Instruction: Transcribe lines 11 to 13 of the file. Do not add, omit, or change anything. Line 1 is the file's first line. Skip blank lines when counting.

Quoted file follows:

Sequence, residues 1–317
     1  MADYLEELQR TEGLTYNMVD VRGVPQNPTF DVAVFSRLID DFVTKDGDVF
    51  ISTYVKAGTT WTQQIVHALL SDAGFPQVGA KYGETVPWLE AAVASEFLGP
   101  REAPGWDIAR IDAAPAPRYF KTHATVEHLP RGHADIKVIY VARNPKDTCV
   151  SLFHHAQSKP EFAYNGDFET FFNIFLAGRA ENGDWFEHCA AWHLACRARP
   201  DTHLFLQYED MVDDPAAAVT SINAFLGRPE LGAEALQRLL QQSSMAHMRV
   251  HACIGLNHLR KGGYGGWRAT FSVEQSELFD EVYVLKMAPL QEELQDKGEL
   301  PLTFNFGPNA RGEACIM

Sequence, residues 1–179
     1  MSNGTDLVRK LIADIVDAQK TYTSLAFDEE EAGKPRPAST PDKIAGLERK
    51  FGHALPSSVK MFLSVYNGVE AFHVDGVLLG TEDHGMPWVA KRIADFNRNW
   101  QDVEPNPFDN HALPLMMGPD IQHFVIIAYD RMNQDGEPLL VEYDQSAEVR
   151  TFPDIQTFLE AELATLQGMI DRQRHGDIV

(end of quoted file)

    51  FGHALPSSVK MFLSVYNGVE AFHVDGVLLG TEDHGMPWVA KRIADFNRNW
   101  QDVEPNPFDN HALPLMMGPD IQHFVIIAYD RMNQDGEPLL VEYDQSAEVR
   151  TFPDIQTFLE AELATLQGMI DRQRHGDIV